“In smart city applications, such biometric scans would be linked to distributed ledger systems to deliver immutable audit trails, with the IOTA Foundation highlighting applications in data centers, airports, and stadiums.”
A Berlin-based not-for-profit focused on the promotion of blockchain technology is exploring the use of palm vein biometrics for authentication of individuals in Smart Cities.
Called the IOTA Foundation, the organization has just announced “IAMPASS”, a Proof of Concept system designed to scan the vascular structure inside a given user’s palm. In smart city applications, such biometric scans would be linked to distributed ledger systems to deliver immutable audit trails, with the IOTA Foundation highlighting applications in data centers, airports, and stadiums.
In a statement, IOTA Foundation co-chair Dominik Schiener emphasized the great potential of biometric authentication to facilitate the rise of blockchain more broadly. “With the maturation of identity solutions like these, we will see the IOTA ecosystem providing a key technical puzzle piece for the adoption of distributed ledgers,” he said.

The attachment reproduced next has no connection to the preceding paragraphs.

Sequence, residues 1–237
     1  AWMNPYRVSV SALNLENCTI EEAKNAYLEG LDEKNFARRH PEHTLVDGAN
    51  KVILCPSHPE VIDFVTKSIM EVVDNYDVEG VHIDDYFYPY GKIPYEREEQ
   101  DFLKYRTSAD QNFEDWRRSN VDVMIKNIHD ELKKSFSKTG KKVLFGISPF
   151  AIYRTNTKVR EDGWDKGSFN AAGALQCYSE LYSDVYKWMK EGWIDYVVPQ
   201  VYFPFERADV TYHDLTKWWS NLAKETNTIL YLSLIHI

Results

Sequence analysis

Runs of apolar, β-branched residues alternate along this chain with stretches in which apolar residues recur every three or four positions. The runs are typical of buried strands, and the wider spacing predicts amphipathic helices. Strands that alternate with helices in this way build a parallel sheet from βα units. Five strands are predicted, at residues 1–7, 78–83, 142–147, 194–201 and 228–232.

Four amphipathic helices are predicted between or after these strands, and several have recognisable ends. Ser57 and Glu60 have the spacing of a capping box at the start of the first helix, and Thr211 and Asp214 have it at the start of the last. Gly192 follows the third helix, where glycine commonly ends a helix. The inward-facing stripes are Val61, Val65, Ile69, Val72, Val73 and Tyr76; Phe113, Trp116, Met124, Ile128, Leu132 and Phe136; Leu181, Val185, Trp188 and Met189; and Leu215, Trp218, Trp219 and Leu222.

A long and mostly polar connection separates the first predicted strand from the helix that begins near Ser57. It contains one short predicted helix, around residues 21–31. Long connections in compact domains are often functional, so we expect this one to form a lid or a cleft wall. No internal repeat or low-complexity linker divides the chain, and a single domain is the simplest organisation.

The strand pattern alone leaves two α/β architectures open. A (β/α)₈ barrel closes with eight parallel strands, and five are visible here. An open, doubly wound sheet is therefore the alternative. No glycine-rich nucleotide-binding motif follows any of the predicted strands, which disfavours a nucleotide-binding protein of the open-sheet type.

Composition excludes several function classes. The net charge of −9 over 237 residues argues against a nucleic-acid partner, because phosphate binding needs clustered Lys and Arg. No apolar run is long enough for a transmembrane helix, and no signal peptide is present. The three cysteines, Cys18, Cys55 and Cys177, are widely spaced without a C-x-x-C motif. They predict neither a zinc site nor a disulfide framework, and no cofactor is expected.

While palm vein biometrics is not nearly as popular a modality as fingerprint scanning and facial recognition, with the latter in particular being favored in a number of large-scale government projects, Fujitsu has also been promoting this technology in Japan, particularly with respect to biometric access control and payment systems; and the technology is notable for its resistance to spoofing attempts. So the IOTA Foundation’s IAMPASS solution could prove appealing to government authorities harboring security concerns about biometric smart city technologies.
October 15, 2018 – by Alex Perala